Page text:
Crude oil ended virtually flat on Wednesday, after a report showed declining U.S. gasoline demand in the world's top oil consumer and a build at the key Cushing, Oklahoma storage hub.
In its weekly report, the U.S. Energy Information Administration said U.S. crude oil stocks fell by a greater-than-expected 2.07 million barrels last week, but inventories at Cushing, the delivery point for U.S. crude futures, rose 508,000 barrels. The four-week average for gasoline demand fell by 1.4 percent year-over-year.
Additionally, U.S. crude failed to break through Tuesday's lows or highs, testing resistance at both ends in what traders call an "inside day." U.S. crude gained 2 cents to settle at $93.88 a barrel, after settling 51 cents higher on Tuesday on stronger U.S. economic data.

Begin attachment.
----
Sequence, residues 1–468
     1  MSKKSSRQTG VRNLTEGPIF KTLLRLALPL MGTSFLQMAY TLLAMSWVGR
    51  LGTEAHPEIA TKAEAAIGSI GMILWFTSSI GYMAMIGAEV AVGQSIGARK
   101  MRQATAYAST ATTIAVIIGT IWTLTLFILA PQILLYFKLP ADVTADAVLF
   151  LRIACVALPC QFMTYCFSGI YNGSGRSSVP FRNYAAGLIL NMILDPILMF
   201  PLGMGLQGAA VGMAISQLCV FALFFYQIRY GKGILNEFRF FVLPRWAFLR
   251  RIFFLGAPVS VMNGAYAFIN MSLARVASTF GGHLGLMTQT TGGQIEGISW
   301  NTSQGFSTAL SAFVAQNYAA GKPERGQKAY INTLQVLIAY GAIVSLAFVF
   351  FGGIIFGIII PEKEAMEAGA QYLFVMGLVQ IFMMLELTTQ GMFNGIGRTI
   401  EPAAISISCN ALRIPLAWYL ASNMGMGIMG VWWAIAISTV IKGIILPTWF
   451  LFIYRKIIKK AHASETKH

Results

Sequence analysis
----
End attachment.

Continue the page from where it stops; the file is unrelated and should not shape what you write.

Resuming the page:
Brent crude for October delivery rose by 20 cents to near $102 a barrel after earlier rising to $103.07. Its premium to West Texas Intermediate widened 15 cents to $8.79 a barrel, having hit to its largest in two months on Monday at $9.41.